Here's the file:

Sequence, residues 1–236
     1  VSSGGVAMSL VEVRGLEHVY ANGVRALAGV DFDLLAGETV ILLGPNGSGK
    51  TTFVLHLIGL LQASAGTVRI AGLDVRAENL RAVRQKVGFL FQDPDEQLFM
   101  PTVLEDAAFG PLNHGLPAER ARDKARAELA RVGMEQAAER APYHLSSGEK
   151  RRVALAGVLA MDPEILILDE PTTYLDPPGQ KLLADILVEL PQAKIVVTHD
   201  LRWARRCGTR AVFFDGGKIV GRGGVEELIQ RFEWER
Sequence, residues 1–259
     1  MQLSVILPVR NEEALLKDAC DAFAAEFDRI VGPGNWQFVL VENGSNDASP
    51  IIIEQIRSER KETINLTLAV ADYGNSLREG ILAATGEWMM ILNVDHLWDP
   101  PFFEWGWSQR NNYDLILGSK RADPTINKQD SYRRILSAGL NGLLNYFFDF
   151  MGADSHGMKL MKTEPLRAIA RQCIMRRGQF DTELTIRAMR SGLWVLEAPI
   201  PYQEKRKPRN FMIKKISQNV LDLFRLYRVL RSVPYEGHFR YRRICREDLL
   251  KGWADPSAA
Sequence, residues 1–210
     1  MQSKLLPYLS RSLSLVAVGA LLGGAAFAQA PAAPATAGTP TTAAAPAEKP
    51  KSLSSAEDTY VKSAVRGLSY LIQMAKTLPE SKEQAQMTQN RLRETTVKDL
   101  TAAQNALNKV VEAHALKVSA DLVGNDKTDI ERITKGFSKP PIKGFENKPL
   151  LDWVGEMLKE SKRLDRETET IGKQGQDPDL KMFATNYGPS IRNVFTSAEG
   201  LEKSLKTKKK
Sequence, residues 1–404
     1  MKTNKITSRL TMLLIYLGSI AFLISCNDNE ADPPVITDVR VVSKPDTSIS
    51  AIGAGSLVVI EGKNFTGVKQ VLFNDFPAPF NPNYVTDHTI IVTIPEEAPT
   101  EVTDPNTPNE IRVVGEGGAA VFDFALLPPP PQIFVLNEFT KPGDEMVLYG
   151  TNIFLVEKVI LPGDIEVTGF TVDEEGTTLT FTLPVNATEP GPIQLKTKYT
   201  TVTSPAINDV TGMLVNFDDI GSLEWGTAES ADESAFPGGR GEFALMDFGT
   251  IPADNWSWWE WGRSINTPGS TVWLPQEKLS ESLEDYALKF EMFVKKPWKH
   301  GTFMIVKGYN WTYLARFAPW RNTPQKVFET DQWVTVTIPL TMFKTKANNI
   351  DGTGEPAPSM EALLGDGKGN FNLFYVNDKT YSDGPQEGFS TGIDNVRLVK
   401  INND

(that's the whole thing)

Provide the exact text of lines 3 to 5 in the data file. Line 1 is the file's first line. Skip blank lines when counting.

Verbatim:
    51  TTFVLHLIGL LQASAGTVRI AGLDVRAENL RAVRQKVGFL FQDPDEQLFM
   101  PTVLEDAAFG PLNHGLPAER ARDKARAELA RVGMEQAAER APYHLSSGEK
   151  RRVALAGVLA MDPEILILDE PTTYLDPPGQ KLLADILVEL PQAKIVVTHD